We cannot verify your location
Browse Book and Journal Content on Project MUSE

The Myths of Fiction

Studies in the Canonical Greek Novels

Edmund P. Cueva

Publication Year: 2004

The tradition of historical literature begun by Herodotus and Thucydides molded the early Greek novel. As the genre evolved, however, Greek novels moved away from their historical roots to become more heavily influenced by mythological traditions. Edmund Cueva's new book examines the literary uses to which the ancient novelists put their mythological material. His work offers a stimulating discussion of myths and their rise to prominence as the key feature of the fully developed Greek novel. He also takes into account the impact of the Roman conquest on the development of the Greek novel, the last true literary creation of the Greek world. The Myths of Fiction will interest scholars of Greek literarure, imperial history, literary myth, intertextuality, and comparative literature. Edmund Cueva is Associate Professor and Chair of Classics at Xavier University.

Published by: University of Michigan Press

read more


pdf iconDownload PDF (44.7 KB)
pp. vii

Iwish to thank Jean Alvares, Chris Collins, Colin Day, Margaret Edsall, Collin Ganio, Mary Hashman, Paula James, Brian Lavelle, Edwin Menes, John Makowksi, Anthony G. McCosham, John Murphy, Robert Murray, Perry Pearson, John Rettig, Gerald Sandy, Gareth and Karen Schmeling, ...


pdf iconDownload PDF (32.6 KB)
pp. ix

read more


pdf iconDownload PDF (82.5 KB)
pp. 1-14

Time has not been kind to the ancient Greek novel. Indeed only five examples of this genre have survived in their entirety: Chaereas and Callirhoe by Chariton, Ephesiaca by Xenophon,1 Leucippe and Clitophon by Achilles Tatius, Daphnis and Chloe by Longus, and Aethiopica by Heliodorus.2 ...

read more

1. Chariton, History, and Myth

pdf iconDownload PDF (117.1 KB)
pp. 15-34

Chariton’s novel is the earliest novel and has been dated from as early as the first century B.C.1 to as late as the second century A.D. The first century B.C. date has been justified by some scholars on account of the novel’s lack of Atticism (Papanikolaou, 1973a). The latter dates are suggested on the basis of the novelist’s inclusion ...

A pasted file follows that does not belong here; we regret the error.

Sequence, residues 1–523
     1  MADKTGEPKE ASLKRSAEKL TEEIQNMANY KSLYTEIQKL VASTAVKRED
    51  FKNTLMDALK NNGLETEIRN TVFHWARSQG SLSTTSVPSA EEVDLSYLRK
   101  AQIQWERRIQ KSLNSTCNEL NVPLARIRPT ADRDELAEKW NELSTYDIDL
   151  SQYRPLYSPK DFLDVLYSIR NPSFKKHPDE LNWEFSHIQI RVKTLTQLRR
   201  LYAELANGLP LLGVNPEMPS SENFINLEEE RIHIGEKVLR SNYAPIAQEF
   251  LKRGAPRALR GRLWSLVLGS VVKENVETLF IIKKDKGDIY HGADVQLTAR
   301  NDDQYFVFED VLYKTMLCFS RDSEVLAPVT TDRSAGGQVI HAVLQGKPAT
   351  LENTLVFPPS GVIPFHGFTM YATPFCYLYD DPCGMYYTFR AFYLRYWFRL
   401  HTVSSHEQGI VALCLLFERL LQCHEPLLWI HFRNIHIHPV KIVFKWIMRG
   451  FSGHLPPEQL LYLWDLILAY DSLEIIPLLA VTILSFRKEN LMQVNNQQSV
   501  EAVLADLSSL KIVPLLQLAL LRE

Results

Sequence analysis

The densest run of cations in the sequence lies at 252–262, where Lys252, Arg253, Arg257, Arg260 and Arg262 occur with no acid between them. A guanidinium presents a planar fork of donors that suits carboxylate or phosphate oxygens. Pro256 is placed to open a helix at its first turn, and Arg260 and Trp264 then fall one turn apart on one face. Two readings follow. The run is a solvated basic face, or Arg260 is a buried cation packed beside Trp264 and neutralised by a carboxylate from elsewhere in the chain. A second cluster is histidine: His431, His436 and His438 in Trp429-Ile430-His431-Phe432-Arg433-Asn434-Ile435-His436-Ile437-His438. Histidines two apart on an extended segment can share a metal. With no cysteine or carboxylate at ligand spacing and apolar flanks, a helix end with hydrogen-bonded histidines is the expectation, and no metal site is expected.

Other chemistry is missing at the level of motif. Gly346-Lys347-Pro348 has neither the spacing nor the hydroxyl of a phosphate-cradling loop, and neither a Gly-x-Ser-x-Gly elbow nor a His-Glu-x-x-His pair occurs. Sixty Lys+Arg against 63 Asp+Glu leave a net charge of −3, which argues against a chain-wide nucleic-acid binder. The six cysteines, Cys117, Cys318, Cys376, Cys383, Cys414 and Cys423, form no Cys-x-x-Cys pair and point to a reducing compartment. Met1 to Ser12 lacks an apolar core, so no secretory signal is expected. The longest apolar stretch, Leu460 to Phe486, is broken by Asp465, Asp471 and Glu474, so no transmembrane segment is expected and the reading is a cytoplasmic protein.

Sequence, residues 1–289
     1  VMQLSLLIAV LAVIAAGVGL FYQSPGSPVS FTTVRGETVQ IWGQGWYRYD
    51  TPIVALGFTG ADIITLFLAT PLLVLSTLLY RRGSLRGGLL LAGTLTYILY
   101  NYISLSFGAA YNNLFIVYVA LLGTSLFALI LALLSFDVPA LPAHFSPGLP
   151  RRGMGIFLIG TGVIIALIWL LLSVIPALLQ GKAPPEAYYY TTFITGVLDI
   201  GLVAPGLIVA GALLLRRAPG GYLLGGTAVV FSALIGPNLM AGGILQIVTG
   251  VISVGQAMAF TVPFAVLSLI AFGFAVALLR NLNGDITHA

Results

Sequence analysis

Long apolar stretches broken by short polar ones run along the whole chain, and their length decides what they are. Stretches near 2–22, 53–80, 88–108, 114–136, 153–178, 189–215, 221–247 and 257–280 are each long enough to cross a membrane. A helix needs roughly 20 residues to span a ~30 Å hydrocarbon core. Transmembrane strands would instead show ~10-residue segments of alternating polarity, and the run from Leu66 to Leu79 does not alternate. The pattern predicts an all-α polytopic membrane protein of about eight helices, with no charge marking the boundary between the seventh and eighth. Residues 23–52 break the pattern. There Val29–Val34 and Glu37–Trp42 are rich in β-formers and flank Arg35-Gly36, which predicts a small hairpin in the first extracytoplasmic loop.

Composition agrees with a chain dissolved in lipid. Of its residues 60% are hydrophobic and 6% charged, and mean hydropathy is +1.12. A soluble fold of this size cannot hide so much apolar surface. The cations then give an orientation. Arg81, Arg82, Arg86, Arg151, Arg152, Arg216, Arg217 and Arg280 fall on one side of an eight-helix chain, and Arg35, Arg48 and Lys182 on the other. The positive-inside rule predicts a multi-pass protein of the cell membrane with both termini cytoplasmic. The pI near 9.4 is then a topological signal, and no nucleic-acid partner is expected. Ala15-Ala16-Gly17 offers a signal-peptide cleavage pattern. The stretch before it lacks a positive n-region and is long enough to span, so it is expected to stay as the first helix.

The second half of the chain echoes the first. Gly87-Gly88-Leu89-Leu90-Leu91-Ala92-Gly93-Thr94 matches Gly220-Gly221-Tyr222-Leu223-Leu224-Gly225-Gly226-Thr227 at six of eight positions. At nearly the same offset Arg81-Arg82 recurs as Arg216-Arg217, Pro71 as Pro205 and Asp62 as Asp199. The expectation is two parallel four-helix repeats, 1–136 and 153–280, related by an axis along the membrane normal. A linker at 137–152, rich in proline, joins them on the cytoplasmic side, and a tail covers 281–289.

read more

2. Xenophon, History, and Mythological Allusions

pdf iconDownload PDF (80.8 KB)
pp. 35-43

The date of the Xenophon’s Ephesiaca seems more firmly fixed than Chariton’s in the second century A.D. Xenophon mentions in 2.13 and 3.11 an eirenarch of Cilicia, a political and military office not known to have existed before the reign of Hadrian (A.D. 117–38).1 The word eirenarch, however, is found ...

read more

3. Longus, Myth, and History

pdf iconDownload PDF (128.7 KB)
pp. 44-61

On the basis of internal criteria, Longus may be said to have written Daphnis and Chloe in the second century A.D. Two factors aid in the dating of Longus: his name and the wall-painting mentioned in the prologue of the novel. Longus’s cognomen could be identified with that of a Mytilenean family ...

read more

4. Thematic Myths, Pan, and Achilles Tatius

pdf iconDownload PDF (126.6 KB)
pp. 62-82

Achilles Tatius was thought to have composed his Leucippe and Clitophon as late as the fifth century A.D., papyri assure a middle- to late-second-century A.D. date (Perry 1967, 348 n. 12). The first papyrus fragment to be published was Oxyrynchus papyrus no. 1250, which is dated to the early fourth century. ...

read more

5. The Analogue of the Hero of Heliodorus’s Aethiopica

pdf iconDownload PDF (70.3 KB)
pp. 83-90

Heliodorus’s novel has been dated to the third or fourth century A.D.1 It is very difficult, if not impossible, to date accurately this novel. Emperor Julian in his eulogy of the Emperor Constantius (written in A.D. 357), however, seems to parallel Heliodorus’s account of the siege of Syene (book 9) with his account of ...

read more


pdf iconDownload PDF (59.6 KB)
pp. 91-96

This present study has primarily focused on the relationship between the diminution of historical detail and the increase of mythological and literary allusion in the development of the ancient Greek novel. I have generally concentrated on the various literary functions of myth introduced into the novel as the genre evolved, ...


pdf iconDownload PDF (77.2 KB)
pp. 97-106


pdf iconDownload PDF (179.1 KB)
pp. 107-136


pdf iconDownload PDF (84.9 KB)
pp. 137-146


pdf iconDownload PDF (58.1 KB)
pp. 147-154

E-ISBN-13: 9780472025633
E-ISBN-10: 0472025635
Print-ISBN-13: 9780472114276
Print-ISBN-10: 0472114271

Page Count: 168
Publication Year: 2004